Phone calls are great, instantaneous live chat on your site is too. It allows customers to get comfortable with their purchases by getting answers to any questions they have.

12. Show off your awards. 

Making a sale is about getting the customer to trust you. If you have received recognition, whether in the form of an article by a recognized publication or an award from a respected group, show it off on your site. It allows the buyer to transfer the trust they have in those organizations to your business, which leads to sales.

13. Get security. 

For customers to make a purchase online, they need to feel secure that their credit card information will be protected. Use a security seal from a recognized company like Norton’s to help people feel more comfortable making purchases.

14. Keep updating your SEO.

You can’t convert unless people come to your site. By ensuring that your SEO is up to date the people who want your services but don’t know you, will be able to find you.

15. Tell the truth, the whole truth. 

Or at least get former customers to do so on your site. Make sure that those testimonials don’t sound canned or boring. Quotes like “they have great products” aren’t going to get the results you are looking for.

16. The right pictures.

You can’t just throw up any old pictures and expect them to help your case; stock photos of a few people laughing or working around a table is not going to help. Customized photos taken by you that are related directly to your product or feature your services are what you need to use.

17. The right words at the right time.

The imagery and the visuals of the site matter as it helps lead the viewers’ eyes, but at some point they are going to need details. That can only be achieved with text. It’s not about a long description; it’s about keeping it brief but conveying the right details in the right way.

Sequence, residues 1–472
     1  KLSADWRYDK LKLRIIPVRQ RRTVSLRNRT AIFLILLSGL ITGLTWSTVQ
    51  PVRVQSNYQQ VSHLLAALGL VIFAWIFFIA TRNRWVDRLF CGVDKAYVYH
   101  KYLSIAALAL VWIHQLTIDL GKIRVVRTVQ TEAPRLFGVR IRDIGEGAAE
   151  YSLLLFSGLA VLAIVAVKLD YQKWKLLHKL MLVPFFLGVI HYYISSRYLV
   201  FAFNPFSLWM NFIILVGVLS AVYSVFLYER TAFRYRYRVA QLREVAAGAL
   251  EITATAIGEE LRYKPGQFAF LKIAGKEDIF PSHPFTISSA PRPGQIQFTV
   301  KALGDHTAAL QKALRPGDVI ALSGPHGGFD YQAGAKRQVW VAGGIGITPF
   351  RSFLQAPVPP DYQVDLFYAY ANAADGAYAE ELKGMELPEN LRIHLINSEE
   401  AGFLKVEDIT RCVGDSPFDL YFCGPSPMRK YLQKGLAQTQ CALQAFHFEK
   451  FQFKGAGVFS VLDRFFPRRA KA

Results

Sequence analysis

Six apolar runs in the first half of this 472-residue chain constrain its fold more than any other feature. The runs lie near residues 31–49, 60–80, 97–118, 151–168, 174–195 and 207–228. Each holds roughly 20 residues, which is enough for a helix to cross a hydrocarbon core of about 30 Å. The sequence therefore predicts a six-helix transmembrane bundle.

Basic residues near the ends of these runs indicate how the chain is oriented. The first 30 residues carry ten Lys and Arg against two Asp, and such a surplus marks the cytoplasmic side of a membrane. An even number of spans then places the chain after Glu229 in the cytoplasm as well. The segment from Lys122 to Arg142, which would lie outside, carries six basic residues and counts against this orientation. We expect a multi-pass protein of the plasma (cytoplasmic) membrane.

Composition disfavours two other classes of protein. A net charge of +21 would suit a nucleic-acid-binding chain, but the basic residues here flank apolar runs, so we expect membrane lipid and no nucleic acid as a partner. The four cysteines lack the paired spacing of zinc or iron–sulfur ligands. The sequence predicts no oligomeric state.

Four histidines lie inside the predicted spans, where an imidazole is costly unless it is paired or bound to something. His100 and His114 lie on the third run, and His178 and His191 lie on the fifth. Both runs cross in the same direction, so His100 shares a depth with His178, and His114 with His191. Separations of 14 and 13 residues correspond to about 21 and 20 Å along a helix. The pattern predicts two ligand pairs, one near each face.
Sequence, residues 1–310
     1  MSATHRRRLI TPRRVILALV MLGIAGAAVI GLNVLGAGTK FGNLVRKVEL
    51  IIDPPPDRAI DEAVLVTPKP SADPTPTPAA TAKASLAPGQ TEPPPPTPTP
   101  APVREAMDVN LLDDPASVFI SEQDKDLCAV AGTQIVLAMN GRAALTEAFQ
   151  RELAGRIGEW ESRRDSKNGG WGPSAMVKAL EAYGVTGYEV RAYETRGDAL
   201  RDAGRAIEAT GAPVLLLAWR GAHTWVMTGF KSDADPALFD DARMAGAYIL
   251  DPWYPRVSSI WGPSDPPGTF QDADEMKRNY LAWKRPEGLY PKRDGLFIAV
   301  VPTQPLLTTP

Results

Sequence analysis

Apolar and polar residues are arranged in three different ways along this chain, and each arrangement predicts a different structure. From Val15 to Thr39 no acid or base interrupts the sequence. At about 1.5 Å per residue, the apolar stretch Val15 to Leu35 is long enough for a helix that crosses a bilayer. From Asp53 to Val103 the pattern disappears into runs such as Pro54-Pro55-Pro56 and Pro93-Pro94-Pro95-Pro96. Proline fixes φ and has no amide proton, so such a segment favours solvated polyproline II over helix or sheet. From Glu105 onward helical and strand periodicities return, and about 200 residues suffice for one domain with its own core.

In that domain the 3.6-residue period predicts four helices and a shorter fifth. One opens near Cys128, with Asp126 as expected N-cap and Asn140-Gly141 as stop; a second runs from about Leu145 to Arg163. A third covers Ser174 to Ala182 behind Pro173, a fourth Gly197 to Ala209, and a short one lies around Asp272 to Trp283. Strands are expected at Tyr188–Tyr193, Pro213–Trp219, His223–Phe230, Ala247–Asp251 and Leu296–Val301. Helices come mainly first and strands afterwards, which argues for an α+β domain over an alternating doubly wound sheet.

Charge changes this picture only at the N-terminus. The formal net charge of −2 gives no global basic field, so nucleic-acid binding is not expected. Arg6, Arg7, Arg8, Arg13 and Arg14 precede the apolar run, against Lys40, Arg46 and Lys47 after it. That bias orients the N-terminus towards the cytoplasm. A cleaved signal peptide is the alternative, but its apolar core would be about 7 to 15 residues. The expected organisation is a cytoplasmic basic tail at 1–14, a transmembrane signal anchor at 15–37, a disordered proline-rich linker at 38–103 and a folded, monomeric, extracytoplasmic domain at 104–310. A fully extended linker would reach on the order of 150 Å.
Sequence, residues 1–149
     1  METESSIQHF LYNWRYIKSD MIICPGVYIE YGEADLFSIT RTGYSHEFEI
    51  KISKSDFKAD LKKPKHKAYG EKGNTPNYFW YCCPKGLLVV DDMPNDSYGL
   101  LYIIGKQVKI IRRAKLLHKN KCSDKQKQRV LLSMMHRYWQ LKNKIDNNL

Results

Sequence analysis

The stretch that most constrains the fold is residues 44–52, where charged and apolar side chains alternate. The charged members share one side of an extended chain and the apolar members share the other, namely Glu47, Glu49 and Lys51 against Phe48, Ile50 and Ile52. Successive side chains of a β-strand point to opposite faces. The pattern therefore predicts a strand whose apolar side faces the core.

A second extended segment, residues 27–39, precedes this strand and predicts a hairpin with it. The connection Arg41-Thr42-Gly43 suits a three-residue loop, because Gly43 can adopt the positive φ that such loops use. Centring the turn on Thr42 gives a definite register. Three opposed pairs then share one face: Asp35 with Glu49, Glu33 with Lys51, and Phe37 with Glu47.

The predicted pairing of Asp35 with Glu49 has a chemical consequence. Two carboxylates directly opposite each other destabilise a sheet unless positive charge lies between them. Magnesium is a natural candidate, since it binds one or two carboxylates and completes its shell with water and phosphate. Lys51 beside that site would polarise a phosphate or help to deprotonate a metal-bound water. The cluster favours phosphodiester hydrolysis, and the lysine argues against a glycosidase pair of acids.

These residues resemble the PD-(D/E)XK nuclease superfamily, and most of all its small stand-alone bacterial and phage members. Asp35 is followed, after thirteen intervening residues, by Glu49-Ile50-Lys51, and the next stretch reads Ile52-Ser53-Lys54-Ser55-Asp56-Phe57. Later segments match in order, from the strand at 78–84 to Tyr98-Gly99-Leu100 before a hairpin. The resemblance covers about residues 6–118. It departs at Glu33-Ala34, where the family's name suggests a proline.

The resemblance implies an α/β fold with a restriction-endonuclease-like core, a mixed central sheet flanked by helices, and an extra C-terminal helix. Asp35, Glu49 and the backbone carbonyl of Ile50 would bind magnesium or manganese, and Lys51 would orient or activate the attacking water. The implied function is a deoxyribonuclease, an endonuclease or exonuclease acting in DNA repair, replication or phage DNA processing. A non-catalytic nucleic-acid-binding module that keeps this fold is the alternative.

18. To click or not to click.

There is a common convention that says if someone has to click three or more times to get something, you will lose conversions, but that is not always the case. Trying to squeeze in too much information to conserve might deter conversions, so having info on multiple pages might be better in the long run. The answer is to test multiple versions and see what works best.

19. Find your voice or find my voice?

At some point, you are going to be addressing the customer directly and you’ll need to determine the type of voice you want. Whether it be first person (make my purchase now) or second person (make your purchase now), it’s important to keep it consistent through your site. There is no best practice here; different sites work better with different voices. You’ll need to experiment to find yours.

20. Ditch the drop down.

We all know them; you click the box and a list of options magically appears. It’s not just a feature; it’s a staple of commerce sites. However, just because its common doesn’t mean it helps. Try testing the drop-down menu page against a version of the website where a second page displays all the options with a brief description and images of all the products. You might be surprised at the increased conversions.

21. Think like a user. 

You don’t just run a business; you use the Internet too. You know what annoys you and what doesn’t. Use those insights when making your first draft of a website. The site is supposed to show off the character of your business, so build the site that you want to see first. Then, based on the feedback you get, make the needed to changes to ensure your site is easily accessible to more people.

22. Set up a measurement system. 

Whether you are trying to find what works or just making sure your site still does, you need to be constantly measuring your conversion rates. The best and easiest way to do this is through Google Analytics.

By correctly setting goals and benchmarks in the Google system, you can easily see where people are clicking to make sales and where they are leaving your webpage. In short, you’ll see what works and what doesn’t.

Click here for 42 Conversion Optimization Best Practices for Beginners (Part Two)